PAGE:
Halliburton's Dubai Move Sparks Outcry

Halliburton Co.'s main offices are housed in this skyscraper in downtown Houston, shown Wednesday, Aug. 8, 2004, left and the Dubai skyline with Etisalat tower under construction, Dubai, United Arab Emirates, 2006/10/17. AP Photo

U.S. oil services firm Halliburton Co. is shifting its corporate headquarters and chief executive from Houston to Dubai in a move that immediately sparked criticism from U.S. members of Congress.

Halliburton Chief Executive Dave Lesar, speaking at an energy conference in nearby Bahrain, said he will relocate to Dubai from Texas to oversee Halliburton's intensified focus on business in the Mideast and energy-hungry Asia, home to some of the world's most important oil and gas markets.

"Halliburton is opening its corporate headquarters in Dubai while maintaining a corporate office in Houston," spokeswoman Cathy Mann said. "The chairman, president and CEO will office from and be based in Dubai to run the company from the UAE."

Sen. Patrick Leahy, D-Vt., called the decision to move as "an example of corporate greed at its worst."

"This is an insult to the U.S. soldiers and taxpayers who paid the tab for their no-bid contracts and endured their overcharges for all these years," Leahy said in a statement.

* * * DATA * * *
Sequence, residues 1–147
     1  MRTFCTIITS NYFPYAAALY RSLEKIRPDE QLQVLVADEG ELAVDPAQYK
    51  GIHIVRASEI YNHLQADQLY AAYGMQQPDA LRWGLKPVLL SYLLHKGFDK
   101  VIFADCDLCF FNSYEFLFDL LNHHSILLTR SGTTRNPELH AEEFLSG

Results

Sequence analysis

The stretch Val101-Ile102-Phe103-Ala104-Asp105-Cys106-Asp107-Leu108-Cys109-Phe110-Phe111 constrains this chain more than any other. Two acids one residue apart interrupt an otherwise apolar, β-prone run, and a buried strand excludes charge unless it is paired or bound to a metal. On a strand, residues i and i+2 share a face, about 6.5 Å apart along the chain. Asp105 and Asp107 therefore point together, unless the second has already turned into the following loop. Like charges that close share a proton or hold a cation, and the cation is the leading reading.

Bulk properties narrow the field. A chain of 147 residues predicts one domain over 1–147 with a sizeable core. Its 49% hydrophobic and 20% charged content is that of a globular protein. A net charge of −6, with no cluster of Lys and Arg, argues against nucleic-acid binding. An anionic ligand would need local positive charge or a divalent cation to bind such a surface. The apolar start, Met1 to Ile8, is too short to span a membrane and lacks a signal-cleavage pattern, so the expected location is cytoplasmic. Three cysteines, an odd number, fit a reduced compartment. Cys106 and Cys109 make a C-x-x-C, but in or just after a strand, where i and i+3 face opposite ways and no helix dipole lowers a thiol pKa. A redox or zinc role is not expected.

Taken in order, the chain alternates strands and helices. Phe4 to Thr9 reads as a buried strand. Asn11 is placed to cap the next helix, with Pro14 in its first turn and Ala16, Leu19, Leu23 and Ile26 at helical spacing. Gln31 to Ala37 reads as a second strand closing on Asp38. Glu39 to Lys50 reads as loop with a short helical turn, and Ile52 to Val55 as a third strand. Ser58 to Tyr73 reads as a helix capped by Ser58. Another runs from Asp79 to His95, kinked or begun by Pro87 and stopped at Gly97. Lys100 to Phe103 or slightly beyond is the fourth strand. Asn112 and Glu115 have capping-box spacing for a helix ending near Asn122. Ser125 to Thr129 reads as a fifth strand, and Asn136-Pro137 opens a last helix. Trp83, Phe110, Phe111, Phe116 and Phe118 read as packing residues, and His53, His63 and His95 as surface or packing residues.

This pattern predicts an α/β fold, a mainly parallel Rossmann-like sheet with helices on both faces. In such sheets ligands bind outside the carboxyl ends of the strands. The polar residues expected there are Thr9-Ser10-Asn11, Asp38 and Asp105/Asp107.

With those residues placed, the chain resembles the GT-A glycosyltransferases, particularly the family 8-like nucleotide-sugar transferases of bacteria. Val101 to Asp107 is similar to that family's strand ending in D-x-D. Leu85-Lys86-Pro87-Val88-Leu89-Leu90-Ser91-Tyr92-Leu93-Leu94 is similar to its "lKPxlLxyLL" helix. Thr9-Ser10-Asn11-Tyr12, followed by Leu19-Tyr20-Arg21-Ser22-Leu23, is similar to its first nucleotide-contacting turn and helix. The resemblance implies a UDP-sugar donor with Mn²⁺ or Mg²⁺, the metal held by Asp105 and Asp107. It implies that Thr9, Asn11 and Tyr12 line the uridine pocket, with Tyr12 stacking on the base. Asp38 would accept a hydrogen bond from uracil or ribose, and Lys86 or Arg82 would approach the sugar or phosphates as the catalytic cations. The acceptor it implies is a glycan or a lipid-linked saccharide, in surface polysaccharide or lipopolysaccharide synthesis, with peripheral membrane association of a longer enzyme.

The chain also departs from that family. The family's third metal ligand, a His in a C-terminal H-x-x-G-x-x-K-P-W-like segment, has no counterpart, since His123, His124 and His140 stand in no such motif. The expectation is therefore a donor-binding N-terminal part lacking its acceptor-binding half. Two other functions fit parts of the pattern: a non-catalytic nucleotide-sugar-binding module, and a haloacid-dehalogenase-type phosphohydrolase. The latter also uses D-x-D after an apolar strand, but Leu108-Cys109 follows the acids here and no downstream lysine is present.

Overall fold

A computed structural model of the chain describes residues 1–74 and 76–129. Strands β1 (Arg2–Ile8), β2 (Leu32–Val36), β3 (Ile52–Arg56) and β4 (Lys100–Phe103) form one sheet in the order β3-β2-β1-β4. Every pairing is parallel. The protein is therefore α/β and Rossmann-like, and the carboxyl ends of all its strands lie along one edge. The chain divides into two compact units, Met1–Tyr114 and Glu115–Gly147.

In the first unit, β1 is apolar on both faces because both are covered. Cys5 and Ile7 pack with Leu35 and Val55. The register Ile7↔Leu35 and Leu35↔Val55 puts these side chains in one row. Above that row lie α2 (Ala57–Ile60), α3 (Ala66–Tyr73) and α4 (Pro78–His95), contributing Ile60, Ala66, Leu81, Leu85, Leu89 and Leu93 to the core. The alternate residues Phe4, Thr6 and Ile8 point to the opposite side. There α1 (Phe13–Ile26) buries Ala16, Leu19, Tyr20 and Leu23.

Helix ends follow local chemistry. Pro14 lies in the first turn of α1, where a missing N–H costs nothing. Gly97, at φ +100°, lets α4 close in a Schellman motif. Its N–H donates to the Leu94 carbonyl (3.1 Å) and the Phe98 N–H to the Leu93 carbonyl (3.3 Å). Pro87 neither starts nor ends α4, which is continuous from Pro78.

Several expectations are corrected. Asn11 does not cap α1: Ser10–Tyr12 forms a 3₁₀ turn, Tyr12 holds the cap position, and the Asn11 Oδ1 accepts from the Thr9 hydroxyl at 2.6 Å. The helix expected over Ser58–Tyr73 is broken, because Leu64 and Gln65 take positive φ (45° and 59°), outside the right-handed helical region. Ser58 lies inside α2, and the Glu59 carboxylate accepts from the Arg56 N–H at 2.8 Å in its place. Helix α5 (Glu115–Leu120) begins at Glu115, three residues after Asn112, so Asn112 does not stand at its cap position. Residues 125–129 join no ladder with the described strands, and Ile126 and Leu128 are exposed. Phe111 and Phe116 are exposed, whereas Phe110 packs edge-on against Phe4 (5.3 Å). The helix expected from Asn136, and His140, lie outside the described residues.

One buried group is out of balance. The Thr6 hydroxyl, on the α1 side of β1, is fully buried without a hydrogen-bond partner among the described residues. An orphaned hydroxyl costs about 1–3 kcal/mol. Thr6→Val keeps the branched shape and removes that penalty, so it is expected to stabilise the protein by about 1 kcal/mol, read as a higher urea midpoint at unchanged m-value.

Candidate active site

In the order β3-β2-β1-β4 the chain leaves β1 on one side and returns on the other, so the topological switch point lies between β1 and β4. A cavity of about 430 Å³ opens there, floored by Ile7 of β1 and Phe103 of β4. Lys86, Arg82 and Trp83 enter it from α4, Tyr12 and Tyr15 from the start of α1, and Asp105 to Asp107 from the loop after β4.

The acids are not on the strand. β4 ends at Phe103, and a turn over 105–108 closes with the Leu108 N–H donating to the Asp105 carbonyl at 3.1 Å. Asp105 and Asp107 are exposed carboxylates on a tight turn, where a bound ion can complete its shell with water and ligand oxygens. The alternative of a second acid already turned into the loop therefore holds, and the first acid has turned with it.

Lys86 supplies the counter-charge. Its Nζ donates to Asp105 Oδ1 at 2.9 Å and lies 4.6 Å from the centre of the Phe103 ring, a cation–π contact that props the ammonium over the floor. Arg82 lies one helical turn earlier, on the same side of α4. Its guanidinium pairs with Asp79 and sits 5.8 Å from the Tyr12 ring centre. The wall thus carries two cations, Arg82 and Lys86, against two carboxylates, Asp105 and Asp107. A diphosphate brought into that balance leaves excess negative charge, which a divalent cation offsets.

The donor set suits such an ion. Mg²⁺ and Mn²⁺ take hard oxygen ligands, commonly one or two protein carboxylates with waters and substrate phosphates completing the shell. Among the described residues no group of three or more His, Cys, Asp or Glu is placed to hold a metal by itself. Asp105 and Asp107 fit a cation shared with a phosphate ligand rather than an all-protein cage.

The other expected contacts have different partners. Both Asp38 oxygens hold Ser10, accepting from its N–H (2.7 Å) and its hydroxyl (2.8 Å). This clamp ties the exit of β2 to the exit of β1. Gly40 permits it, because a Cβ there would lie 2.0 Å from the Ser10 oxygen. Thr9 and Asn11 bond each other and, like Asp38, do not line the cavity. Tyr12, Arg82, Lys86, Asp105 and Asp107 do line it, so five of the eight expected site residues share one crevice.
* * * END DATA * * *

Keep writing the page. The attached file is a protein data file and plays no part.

"At the same time they'll be avoiding U.S. taxes, I'm sure they won't stop insisting on taking their profits in cold hard U.S. cash," Leahy said.

Rep. Henry Waxman, chairman of the House Oversight and Government Reform Committee, is already planning a hearing on Halliburton's move, Time Magazine reports online.

Lesar's announcement appears to signal one of the highest-profile moves by a U.S. corporate leader to Dubai.

"As the CEO, I'm responsible for the global business of Halliburton in both hemispheres, and I will continue to spend quite a bit of time in an airplane as I remain attentive to our customers, shareholders and employees around the world," Lesar said. "Yes, I will spend the majority of my time in Dubai."

Dubai is an Arab boomtown, where free-market capitalism has been paired with some of the world's most liberal tax, investment and residency laws.

"The Eastern Hemisphere is a market that is more heavily weighted toward oil exploration and production opportunities and growing our business here will bring more balance to Halliburton's overall portfolio," Lesar said.

In 2006, Halliburton — once headed by Vice President Dick Cheney — earned profits of $2.3 billion on revenues of $22.6 billion.

More than 38 percent of Halliburton's $13 billion oil field services revenue last year stemmed from sources in the Eastern Hemisphere, where the firm has 16,000 of its 45,000 employees.

Cheney was Halliburton's chief executive from 1995-2000, and the Bush administration has been accused of favoring the conglomerate with lucrative no-bid contracts in Iraq.

Federal investigators last month alleged Halliburton was responsible for $2.7 billion of the $10 billion in contractor waste and overcharging in Iraq.

Halliburton last month announced a 40-percent decline in fourth-quarter profit, despite heavy demand for its oil field equipment and personnel.

  • Christine Lagorio

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